Capillary Action - Drip Loop - The Planted Tank Forum
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post #1 of 11 (permalink) Old 12-04-2017, 12:35 PM Thread Starter
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Capillary Action - Drip Loop

Trying to get some understanding on water travelling up and down a tubing/wire. I know I should definitely be putting a drip loop on the electrical side of things as a safeguard.

My question that I have is, suppose conditions are correct and water flows down a tubing/wire and the capillary action n' gravity starts to let water flow down the tubing/wire....would it eventually stop, or can it keep on going such that it drains the entire tank?

Second: What if I just raise the tubing/cords higher than the water line from the tank - that would prevent water from up and possibly down yes?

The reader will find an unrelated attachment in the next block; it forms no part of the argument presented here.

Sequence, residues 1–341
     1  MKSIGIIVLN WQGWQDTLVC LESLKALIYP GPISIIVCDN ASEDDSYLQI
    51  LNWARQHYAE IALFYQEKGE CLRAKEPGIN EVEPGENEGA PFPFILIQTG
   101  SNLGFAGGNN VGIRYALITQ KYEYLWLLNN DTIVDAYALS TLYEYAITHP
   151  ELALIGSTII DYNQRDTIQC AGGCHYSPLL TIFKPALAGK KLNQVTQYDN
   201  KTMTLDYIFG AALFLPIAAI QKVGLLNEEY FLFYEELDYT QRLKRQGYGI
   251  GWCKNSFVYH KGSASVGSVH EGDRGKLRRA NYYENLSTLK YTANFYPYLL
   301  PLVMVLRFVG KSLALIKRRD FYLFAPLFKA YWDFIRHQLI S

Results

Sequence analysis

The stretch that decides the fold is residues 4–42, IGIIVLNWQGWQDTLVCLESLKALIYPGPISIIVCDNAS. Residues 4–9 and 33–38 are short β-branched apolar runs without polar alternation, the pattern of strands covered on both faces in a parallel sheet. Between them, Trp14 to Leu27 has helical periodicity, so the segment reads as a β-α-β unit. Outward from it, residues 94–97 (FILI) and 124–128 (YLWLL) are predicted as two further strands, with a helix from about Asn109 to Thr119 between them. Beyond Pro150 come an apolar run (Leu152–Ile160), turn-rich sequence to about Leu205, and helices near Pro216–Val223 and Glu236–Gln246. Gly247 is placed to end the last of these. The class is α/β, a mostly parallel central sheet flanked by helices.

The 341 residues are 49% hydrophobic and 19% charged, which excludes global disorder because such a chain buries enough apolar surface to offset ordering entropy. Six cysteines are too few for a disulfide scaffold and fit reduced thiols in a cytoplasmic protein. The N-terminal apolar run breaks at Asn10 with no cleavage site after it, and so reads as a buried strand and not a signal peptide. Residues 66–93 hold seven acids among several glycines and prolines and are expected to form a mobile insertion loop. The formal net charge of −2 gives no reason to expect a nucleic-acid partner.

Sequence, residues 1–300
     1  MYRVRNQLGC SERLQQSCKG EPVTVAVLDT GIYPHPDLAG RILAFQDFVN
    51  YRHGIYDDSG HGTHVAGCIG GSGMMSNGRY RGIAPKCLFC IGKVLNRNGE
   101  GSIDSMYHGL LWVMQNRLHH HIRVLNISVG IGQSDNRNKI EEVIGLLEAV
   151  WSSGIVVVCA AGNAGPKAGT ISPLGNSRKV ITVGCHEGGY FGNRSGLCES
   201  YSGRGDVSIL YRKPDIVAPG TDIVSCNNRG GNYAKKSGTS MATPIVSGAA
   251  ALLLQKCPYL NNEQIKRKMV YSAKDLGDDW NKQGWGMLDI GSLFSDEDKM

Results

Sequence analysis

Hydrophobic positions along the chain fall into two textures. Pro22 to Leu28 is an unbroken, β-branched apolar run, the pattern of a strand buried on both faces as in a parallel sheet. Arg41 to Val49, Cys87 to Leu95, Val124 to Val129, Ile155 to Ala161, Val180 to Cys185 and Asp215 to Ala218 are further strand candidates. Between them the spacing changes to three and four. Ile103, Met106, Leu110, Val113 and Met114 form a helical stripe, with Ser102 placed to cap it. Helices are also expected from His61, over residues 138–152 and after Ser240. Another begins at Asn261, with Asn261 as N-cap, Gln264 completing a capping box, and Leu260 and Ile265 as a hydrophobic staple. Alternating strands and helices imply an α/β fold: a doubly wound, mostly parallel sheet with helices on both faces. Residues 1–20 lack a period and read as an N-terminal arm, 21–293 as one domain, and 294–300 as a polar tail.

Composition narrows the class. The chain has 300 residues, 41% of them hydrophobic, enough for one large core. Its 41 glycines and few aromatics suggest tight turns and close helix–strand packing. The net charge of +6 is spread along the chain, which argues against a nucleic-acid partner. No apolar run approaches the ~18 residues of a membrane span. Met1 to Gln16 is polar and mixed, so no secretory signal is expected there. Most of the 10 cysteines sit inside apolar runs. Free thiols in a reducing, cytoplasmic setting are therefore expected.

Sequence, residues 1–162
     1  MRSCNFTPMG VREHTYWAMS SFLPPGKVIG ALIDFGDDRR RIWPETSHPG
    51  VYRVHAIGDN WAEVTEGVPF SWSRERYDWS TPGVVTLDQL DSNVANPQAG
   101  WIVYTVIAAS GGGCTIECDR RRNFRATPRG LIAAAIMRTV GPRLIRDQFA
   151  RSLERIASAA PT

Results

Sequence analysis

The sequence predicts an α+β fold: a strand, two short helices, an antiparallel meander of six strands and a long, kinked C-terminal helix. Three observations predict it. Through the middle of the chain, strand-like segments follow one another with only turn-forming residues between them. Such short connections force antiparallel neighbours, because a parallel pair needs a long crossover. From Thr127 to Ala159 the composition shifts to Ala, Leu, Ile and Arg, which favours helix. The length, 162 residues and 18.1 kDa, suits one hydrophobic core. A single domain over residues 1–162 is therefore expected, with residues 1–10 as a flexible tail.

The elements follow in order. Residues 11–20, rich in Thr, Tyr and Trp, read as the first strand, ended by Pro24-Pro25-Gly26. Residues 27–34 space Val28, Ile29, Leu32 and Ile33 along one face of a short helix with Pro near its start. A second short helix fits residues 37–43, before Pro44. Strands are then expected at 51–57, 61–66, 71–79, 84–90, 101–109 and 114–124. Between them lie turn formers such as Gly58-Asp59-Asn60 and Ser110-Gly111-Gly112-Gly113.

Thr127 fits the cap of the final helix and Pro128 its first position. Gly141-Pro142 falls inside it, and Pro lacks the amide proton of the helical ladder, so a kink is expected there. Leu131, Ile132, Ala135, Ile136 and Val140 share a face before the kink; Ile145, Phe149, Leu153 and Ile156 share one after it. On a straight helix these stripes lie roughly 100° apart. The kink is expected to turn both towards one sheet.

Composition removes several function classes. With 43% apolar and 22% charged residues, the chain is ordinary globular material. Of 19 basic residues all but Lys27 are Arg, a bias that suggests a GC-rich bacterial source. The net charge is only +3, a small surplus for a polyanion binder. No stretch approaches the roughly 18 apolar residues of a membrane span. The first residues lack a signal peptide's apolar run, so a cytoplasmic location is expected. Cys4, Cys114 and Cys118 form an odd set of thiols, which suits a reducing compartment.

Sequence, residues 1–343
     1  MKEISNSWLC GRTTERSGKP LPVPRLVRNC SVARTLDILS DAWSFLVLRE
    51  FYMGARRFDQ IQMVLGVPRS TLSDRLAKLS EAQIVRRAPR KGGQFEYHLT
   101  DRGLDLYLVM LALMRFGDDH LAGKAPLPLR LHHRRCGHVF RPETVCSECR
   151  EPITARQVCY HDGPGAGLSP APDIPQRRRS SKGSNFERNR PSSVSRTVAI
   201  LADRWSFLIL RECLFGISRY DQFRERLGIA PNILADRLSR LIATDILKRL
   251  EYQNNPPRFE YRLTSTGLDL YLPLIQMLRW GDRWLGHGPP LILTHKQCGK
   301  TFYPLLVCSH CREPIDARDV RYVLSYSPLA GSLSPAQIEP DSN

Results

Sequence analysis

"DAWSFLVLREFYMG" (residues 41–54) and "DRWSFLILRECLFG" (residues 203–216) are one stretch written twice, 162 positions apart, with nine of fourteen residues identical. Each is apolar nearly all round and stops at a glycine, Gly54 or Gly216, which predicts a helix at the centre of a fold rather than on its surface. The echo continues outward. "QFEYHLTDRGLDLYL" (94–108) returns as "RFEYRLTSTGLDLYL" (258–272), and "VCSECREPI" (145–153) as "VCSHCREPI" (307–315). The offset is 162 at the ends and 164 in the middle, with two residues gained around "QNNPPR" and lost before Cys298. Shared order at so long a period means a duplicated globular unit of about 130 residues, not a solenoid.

Thanks and sorry if this is a "silly" question.
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post #2 of 11 (permalink) Old 12-04-2017, 01:38 PM
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Originally Posted by Aqua07 View Post
Trying to get some understanding on water travelling up and down a tubing/wire. I know I should definitely be putting a drip loop on the electrical side of things as a safeguard.

My question that I have is, suppose conditions are correct and water flows down a tubing/wire and the capillary action n' gravity starts to let water flow down the tubing/wire....would it eventually stop, or can it keep on going such that it drains the entire tank?

Second: What if I just raise the tubing/cords higher than the water line from the tank - that would prevent water from up and possibly down yes?

Thanks and sorry if this is a "silly" question.
I'm really having a hard time figuring out how a wire/tube could cause capillary action to occur.... What wires/tubes are you using and for what application?
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post #3 of 11 (permalink) Old 12-04-2017, 01:39 PM